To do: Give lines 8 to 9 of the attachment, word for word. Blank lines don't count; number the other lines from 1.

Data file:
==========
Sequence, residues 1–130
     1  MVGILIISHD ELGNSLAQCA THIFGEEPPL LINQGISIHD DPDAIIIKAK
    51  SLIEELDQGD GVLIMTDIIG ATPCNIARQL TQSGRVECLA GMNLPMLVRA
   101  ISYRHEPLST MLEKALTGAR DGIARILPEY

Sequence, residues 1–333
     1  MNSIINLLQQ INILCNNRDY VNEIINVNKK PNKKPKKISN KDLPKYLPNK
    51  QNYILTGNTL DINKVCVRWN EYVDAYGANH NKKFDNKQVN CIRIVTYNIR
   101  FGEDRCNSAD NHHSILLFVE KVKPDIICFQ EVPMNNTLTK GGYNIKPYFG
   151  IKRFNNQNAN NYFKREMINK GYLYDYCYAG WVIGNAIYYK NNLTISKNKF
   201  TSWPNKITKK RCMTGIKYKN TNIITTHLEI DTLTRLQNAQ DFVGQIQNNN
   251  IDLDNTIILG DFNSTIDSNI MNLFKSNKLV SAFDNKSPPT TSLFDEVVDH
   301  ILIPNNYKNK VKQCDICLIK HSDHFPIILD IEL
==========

   101  FGEDRCNSAD NHHSILLFVE KVKPDIICFQ EVPMNNTLTK GGYNIKPYFG
   151  IKRFNNQNAN NYFKREMINK GYLYDYCYAG WVIGNAIYYK NNLTISKNKF